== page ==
As the provision of electricity continues to cause havoc across Malta, more businesses are reporting significant losses caused by what some are describing as a crisis.

Earlier this week, spoke to a butcher and a pharmacist who explained how the frequent power cuts are having a negative effect on their business. Now, more businesses are coming forward with their stories, in what they hope may serve as a wake-up call.

André Grech

André Grech, who owns and manages Onella, a wine bar and restaurant in Naxxar, tells of repeated service outages on Monday, Tuesday and Wednesday, each lasting for a number of hours.

“On Wednesday alone we suffered from 3 power cuts,” he says.

The cuts on Tuesday and Wednesday arrived during service hours. On Tuesday, Mr Grech recounts that “we started the evening powerless we experienced cancellations from most of the bookings and very few clients walked in,” while “most of our clients got up and left” when the power went out on Wednesday.

He explains that the loss of power, especially when it happened for long hours at night, forced the establishment to throw away food.

“I am estimating that the loss is in the tune of €1,000.”

Michelle Muscat, who runs Restaurante La Vela in Pietà, had a similar experience.

Michelle Muscat

“We serve a lot of raw fish – we have lots of antipasti – and you just can’t take a chance with that. We simply had to throw away a lot of food, just to be safe.”

Meanwhile, an aquarium full of live lobsters also lost power, killing the crustaceans.

The problems, however, went beyond wasted food, with Ms Muscat explaining that the return of electricity brought with it a power surge which “fried” two transformers, further adding to the expense.

Ms Muscat also serves as President of the Association of Catering Establishments, which on Friday released a statement decrying the “unacceptable negative financial impact” power shortages are having on the catering industry.

She tells that her phone has been inundated with calls from restaurant owners and managers in all localities.

Particularly badly hit, she says, are those located in towns and villages which are getting ready for their parish feast, and that had therefore prepared large amounts of stock in anticipation of a blockbuster weekend.

“I have been getting calls from owners who are desperate, throwing out thousands of euros’ worth of food that they had bought specifically for what should have been a celebration.”

Making matters worse, Ms Muscat said, is that many patrons no longer carry cash with them, given the ubiquity of digital points of sale.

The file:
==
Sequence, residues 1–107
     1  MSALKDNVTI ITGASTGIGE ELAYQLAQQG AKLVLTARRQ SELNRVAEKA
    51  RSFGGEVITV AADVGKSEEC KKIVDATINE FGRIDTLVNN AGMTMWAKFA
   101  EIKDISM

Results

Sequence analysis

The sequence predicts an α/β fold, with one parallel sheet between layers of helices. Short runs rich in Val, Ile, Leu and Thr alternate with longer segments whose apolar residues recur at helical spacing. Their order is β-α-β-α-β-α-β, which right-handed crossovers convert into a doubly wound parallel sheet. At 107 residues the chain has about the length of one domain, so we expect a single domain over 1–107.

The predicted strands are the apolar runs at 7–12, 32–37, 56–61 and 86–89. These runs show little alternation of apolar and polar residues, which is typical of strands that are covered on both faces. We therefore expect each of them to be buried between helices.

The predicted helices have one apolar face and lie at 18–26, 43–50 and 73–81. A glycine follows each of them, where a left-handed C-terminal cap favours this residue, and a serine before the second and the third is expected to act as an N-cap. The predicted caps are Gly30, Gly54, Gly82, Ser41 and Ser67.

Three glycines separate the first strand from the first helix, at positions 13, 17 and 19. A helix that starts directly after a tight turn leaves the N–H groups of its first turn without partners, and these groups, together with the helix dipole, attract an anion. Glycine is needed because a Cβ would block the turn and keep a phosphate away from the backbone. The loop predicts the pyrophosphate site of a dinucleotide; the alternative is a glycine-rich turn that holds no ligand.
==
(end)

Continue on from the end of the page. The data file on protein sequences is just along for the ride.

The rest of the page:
“So patrons come in, there is no air conditioning, no internet, their food is being prepared by the staff working in a furnace, and then, to top it off, they cannot pay!”

Asked if they agree with calls on the authorities to pay compensation to those affected by the cuts, Ms Muscat does not hesitate to agree. “Yes, we will be calling for that as well.”

While much focus has been placed on those companies dealing with food, since it is particularly sensitive to the heat, the disruption goes far beyond any particular sector, reaching even industries like manufacturing.

Aaron Azzopardi, General Manager of Delta (Malta), which specialises in the manufacture and delivery of high quality power supplies for industrial use, tells that his company, employing 130 full-timers, easily lost “tens of thousands of euro” due to the overload of the system.

Ing. Aaron Azzopardi

He explains that his factory lost power on Thursday morning, adding however that this does not seem to have been caused by the power outages affecting the rest of Malta. “The problem was a fuse in the incomer, which has an Enemalta sigil despite being in our factory.”

Ing. Azzopardi explains that this was not the first time this particular issue had cropped up, and on previous occasions, the energy distributor had been prompt in dealing with the issue, sending its agents to quickly fix it in a “15-minute job”.

However, with Enemalta’s resources operating at capacity as it deployed dozens of technicians all around the island to fix the multiple simultaneous faults, even contacting the company simply proved “impossible”.

“We couldn’t even make the report,” he says. “Customer support wasn’t working.”

After two hours of fruitless attempts, the company had to send its 130 employees home, wasting an entire day of labour costs for nothing.

Eventually, the report was made, but not without expending considerable social capital: “Through personal connections, we managed to find an employee who could put in the report for us,” he said, stressing that “this is not how things should be done” and emphasising the stress and uncertainty caused by the system’s collapse.

On Friday morning, employees turned up but the issue had not yet been fixed, with Enemalta sending engineers later in the morning to fix the problem, which indeed took just 15 minutes, says Ing. Azzopardi.

He adds that while he understands that the needs of a company like his are “undoubtedly” further down the priority list than restoring power to entire localities, he believes the service should have different teams servicing different business channels.

“You cannot just have one stream of priorities. The needs of the public infrastructure, households, and businesses are different. The economy lost tens of thousands of euros over these days because reports of faults were not even getting through, even though the fix was a simple one that hardly took any time.”

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Written By

Robert Fenech

Robert is curious about the connections that make the world work, and takes a particular interest in the confluence of economy, environment and justice. He can also be found moonlighting as a butler for his big black cat.